From The New Deal 2.0: http://www.newdeal20.org/2011/04/15/were-not-greece-but-we-could-be-the-next-uk-41934/
by Marshall Auerback
We should put the recovery on solid footing by increasing wages and employment, not needlessly slashing government spending.
Just as everybody seems to be understanding the full implications of the UK government’s approach to fiscal policy, we may be on the verge of embracing it here in the US. This a very negative development.
Yes, we should eliminate wasteful and unnecessary spending (we can start with a large proportion of the defense budget). But when we are experiencing a shortage of aggregate demand (the total spending, private and public, that supports employment and output), it makes no sense to introduce further cuts by implementing fiscal austerity, which will simply drain more demand from the economy.
Current proposals from both the President and Paul Ryan for serious deficit reduction involve several trillion dollars of “savings” over the next few years. I put quotes around the word “savings” because the concept is largely predicated on the idea that cutting government expenditure axiomatically creates “savings” when in fact, such “savings” could well induce a greater economic downturn and therefore increase the deficit as a percentage of GDP, as the Irish experience is now demonstrating. The President’s counter to the Ryan proposals will simply set the stage for a bidding war on fiscal austerity.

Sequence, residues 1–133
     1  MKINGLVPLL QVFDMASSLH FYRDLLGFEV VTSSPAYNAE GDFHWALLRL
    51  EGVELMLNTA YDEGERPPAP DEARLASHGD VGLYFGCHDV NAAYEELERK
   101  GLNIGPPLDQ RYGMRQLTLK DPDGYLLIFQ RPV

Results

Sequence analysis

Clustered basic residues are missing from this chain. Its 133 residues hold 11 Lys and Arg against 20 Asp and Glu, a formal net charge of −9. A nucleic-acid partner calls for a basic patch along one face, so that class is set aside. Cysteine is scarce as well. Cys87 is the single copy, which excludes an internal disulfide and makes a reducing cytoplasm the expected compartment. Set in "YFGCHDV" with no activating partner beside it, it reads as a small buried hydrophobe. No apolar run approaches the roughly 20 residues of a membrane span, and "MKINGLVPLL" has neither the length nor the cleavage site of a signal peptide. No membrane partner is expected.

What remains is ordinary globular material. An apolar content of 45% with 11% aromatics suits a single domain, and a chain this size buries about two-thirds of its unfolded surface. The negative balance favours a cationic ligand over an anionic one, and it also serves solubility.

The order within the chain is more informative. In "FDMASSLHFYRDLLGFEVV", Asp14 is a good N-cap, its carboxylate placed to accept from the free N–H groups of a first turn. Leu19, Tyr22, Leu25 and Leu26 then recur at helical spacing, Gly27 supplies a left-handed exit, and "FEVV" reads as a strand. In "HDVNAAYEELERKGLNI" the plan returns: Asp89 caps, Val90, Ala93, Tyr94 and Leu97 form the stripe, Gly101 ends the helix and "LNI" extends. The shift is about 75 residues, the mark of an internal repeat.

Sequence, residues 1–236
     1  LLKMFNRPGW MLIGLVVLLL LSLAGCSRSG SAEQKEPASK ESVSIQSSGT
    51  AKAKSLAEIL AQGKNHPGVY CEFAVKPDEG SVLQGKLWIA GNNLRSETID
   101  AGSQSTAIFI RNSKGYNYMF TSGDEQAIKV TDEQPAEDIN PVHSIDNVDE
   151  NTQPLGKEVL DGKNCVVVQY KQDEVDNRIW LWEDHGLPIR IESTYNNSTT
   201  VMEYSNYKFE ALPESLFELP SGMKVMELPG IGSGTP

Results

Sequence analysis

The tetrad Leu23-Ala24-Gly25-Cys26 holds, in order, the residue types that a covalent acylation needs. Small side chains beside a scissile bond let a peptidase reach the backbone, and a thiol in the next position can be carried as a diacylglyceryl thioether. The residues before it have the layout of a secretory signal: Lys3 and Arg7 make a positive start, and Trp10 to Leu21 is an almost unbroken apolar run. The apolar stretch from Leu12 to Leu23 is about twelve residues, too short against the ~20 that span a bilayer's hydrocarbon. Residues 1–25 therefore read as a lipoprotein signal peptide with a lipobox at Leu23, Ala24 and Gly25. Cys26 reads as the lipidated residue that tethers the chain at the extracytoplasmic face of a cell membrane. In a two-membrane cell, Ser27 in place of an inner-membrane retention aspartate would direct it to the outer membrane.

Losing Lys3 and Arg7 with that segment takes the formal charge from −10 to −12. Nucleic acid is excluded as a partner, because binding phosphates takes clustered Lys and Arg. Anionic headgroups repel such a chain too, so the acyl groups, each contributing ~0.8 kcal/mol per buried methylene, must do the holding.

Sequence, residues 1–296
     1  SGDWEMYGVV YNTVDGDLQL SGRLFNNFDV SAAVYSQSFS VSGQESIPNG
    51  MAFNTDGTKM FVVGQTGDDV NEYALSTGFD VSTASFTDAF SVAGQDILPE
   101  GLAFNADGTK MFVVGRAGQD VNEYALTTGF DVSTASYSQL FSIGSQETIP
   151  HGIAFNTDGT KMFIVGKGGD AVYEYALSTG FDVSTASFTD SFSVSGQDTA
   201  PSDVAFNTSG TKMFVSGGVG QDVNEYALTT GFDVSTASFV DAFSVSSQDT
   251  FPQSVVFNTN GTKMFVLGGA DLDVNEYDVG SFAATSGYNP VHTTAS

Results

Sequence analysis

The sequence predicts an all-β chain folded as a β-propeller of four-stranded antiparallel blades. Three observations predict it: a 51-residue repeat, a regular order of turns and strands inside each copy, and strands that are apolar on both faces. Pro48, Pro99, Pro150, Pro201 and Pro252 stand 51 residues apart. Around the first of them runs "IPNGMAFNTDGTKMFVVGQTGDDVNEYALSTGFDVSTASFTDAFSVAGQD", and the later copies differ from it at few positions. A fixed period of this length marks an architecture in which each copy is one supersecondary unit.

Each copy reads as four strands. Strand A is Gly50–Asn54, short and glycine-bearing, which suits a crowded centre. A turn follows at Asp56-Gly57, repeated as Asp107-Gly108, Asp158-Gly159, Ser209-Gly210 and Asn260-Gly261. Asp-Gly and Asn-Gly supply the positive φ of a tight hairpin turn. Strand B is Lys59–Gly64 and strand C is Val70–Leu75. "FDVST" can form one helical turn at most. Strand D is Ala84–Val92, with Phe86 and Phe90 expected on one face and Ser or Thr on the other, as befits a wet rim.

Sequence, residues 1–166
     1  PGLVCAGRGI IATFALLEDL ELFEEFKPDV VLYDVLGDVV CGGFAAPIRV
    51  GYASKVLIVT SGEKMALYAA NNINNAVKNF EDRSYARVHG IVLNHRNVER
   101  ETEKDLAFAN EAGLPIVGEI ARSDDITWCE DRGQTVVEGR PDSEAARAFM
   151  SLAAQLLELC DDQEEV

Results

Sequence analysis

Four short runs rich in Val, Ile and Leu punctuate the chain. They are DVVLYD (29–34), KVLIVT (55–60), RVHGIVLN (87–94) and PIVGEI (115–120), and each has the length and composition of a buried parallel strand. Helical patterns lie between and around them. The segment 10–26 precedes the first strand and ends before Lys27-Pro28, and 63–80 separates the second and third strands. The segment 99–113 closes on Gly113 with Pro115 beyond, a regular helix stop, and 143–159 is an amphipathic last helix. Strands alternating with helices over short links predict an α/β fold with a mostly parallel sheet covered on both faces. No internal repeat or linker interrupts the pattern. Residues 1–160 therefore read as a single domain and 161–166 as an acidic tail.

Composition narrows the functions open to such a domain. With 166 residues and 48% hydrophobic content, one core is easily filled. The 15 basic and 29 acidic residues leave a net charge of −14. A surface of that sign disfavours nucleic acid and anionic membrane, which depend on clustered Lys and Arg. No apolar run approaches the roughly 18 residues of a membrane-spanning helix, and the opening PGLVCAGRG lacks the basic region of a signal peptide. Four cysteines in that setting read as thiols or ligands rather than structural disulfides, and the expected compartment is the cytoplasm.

Ask your favorite economists what that does to GDP. My guess is that they’ll tell you it will shave a few more percentage points off GDP growth. And maybe a 50% increase in unemployment as the output gap skyrockets from already insanely high levels. In other words, we could well see years of flat to negative growth unless the private sector (including non-residents) spending somehow increases at least by that much. AND THE DEFICITS WILL GO HIGHER AS A RESULT!
For household consumption or business investment to fill the current output gap in private sector spending, there would need to be an increase in that sector’s debt (which is likewise measured as a drop in private sector savings). That got us into the mess we’re now in.
Borrowing to spend on houses and cars — the traditional engine of consumer growth — rising to levels sufficient to close the output gap seems highly unlikely and cannibalizes tomorrow’s growth because private debt (as opposed to public government debt) is externally constrained. Particularly when federal deficit reduction is cutting incomes and savings. We want a growth strategy that emphasizes growth in incomes, not credit.
Continue reading at: http://www.newdeal20.org/2011/04/15/were-not-greece-but-we-could-be-the-next-uk-41934/